NASA Technical Reports Server (NTRS)

    Leiner, Barry M.; Brown, R. L.; Haines, R. F.

    1990-01-01

    A summary of available collaboration technologies and their applications to space science is presented as well as investigations into remote coaching paradigms and the role of a specific collaboration tool for distributed task coordination in supporting such teleoperations. The applicability and effectiveness of different communication media and tools in supporting remote coaching are investigated. One investigation concerns a distributed check-list, a computer-based tool that allows a group of people, e.g., onboard crew, ground based investigator, and mission control, to synchronize their actions while providing full flexibility for the flight crew to set the pace and remain on their operational schedule. This autonomy is shown to contribute to morale and productivity.

  4. Access from Space: A New Perspective on NASA's Space Transportation Technology Requirements and Opportunities

    NASA Technical Reports Server (NTRS)

    Rasky, Daniel J.

    2004-01-01

    The need for robust and reliable access from space is clearly demonstrated by the recent loss of the Space Shuttle Columbia; as well as the NASA s goals to get the Shuttle re-flying and extend its life, build new vehicles for space access, produce successful robotic landers and s a q k retrr? llisrions, and maximize the science content of ambitious outer planets missions that contain nuclear reactors which must be safe for re-entry after possible launch aborts. The technology lynch pin of access from space is hypersonic entry systems such the thermal protection system, along with navigation, guidance and control (NG&C). But it also extends to descent and landing systems such as parachutes, airbags and their control systems. Current space access technology maturation programs such as NASA s Next Generation Launch Technology (NGLT) program or the In-Space Propulsion (ISP) program focus on maturing laboratory demonstrated technologies for potential adoption by specific mission applications. A key requirement for these programs success is a suitable queue of innovative technologies and advanced concepts to mature, including mission concepts enabled by innovative, cross cutting technology advancements. When considering space access, propulsion often dominates the capability requirements, as well as the attention and resources. From the perspective of access from space some new cross cutting technology drivers come into view, along with some new capability opportunities. These include new miniature vehicles (micro, nano, and picosats), advanced automated systems (providing autonomous on-orbit inspection or landing site selection), and transformable aeroshells (to maximize capabilities and minimize weight). This paper provides an assessment of the technology drivers needed to meet future access from space mission requirements, along with the mission capabilities that can be envisioned from innovative, cross cutting access from space technology developments.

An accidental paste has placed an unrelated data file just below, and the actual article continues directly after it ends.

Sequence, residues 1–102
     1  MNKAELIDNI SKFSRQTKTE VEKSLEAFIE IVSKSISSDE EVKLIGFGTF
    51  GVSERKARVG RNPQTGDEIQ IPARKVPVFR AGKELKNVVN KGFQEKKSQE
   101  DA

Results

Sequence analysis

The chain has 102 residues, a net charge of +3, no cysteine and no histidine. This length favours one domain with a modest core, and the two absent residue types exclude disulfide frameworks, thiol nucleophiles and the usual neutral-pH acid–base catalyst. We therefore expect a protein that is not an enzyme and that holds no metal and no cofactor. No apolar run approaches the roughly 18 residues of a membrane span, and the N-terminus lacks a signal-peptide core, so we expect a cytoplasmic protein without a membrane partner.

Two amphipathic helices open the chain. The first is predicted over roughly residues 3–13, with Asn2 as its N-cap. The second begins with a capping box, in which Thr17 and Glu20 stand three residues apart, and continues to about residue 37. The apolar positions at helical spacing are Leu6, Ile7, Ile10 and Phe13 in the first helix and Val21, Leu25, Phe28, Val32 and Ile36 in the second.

5. A survey of advanced battery systems for space applications

    NASA Technical Reports Server (NTRS)

    Attia, Alan I.

    1989-01-01